0 Followers

Mind, Body & Sole: Healthy Aging Attitude is Priority for This Boomer

Liz Merritt
March 10, 2017
7 Shares 882 Views
1 Comments

For Baby Boomer Frank Sole, having the right healthy aging attitude is more important than absolute fitness. This is coming from a professional triathlon and swim coach who believes fitness is attainable at any age – but only with willingness and a confident mindset.

“At 62, I feel like a million dollars. I feel like I’m 18,” he says, beaming. “My wife and I are enjoying the hell out of the ride.”

Healthy Aging Attitude

Healthy Aging Attitude

Mindset and confidence make Frank Sole stand out as an activist for healthy aging.

It’s that mindset and confidence that makes Sole a standout for healthy aging and inspires him to work even harder to push back against popular conventions on aging.

“I’ve been a coach for 22 years, and I’m seeing more and more Boomers who are just folding up the tents so early. They say, ‘What am I supposed to do? I’ve got bad knees.’ or ‘The doctor says I can’t do this.’ We have given up on our dreams. We’ve given up on our hopes and ambitions.”

Sole, a New Jersey native, understands the realities of an aging body. The aches and pains of arthritis have him seeing a physical therapist every two weeks to help him manage the disease.

“I’m also in the weight room five times a week, and there are times when I’m on my hands and knees in pain, but I will just not give into this,” he says emphatically. “I will not let this be the deterrent from allowing me to do what I want to do.”

Mind Over Matter

Sole firmly believes that when people truly understand their ‘why’ and what really drives them, that’s when they invite change into their lives.

“As we get into our 50s, some people have been in a rut for so long, it becomes absolutely overwhelming to think about learning to eat right, joining a gym, and exercising,” Sole says.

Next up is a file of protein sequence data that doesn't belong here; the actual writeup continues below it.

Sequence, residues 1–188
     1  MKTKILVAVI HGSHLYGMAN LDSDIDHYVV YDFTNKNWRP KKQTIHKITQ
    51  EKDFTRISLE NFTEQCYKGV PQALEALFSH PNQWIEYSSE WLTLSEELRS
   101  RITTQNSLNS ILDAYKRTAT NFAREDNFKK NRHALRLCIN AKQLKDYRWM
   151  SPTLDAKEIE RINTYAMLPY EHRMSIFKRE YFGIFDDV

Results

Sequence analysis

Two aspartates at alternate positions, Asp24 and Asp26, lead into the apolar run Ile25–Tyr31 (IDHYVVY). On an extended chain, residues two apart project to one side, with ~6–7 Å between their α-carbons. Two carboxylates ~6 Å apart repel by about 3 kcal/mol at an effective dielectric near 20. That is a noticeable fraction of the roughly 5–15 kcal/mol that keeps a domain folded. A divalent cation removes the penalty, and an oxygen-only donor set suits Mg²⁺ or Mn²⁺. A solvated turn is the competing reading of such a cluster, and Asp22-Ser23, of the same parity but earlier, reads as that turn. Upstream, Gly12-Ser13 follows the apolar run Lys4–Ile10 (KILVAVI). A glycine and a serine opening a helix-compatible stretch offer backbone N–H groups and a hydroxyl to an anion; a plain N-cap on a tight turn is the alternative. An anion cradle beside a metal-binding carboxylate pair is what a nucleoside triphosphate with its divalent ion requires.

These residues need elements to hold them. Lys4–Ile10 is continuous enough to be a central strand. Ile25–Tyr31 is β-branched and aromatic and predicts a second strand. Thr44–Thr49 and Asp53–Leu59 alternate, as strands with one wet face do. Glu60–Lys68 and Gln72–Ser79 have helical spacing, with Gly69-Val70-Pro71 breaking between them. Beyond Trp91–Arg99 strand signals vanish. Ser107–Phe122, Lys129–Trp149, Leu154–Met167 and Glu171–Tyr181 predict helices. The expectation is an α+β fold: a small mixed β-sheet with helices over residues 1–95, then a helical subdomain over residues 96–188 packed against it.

“I tell people, ‘You seem to have a zest for life, but you’re allowing other people to put your fire out.’ Don’t do that. Instead, find someone who understands your philosophy and your thinking,” he says. “When you identify your ‘why,’ the ‘how’ and ‘what’ come so much easier.”

He holds up his wife of 37 years, Laura, as an example. “The most positive and influential person in my life has been my wife. She refuses to be negative. She’ll turn lemons into lemonade every single time. She says it’s a waste of energy,” he laughs.

Make Daily, Healthy Habits a Priority

Healthy Aging Attitude

Sole surrounded by triathletes at the start line.

Sole’s daily morning ritual includes gratitude, journaling, listening to a business mentor podcast, devotional time with God, and writing out notes for the day ahead.

“The moment we wake up in the morning, we have the ability to make it a great day or a lousy day,” he says. “I’m constantly trying to better myself.”

Sole is a strong believer that reinvention can happen at any age. “I always encourage individuals to go live their passions,” Sole says. “If I don’t like the direction this track is going, then I’ll go to another one.”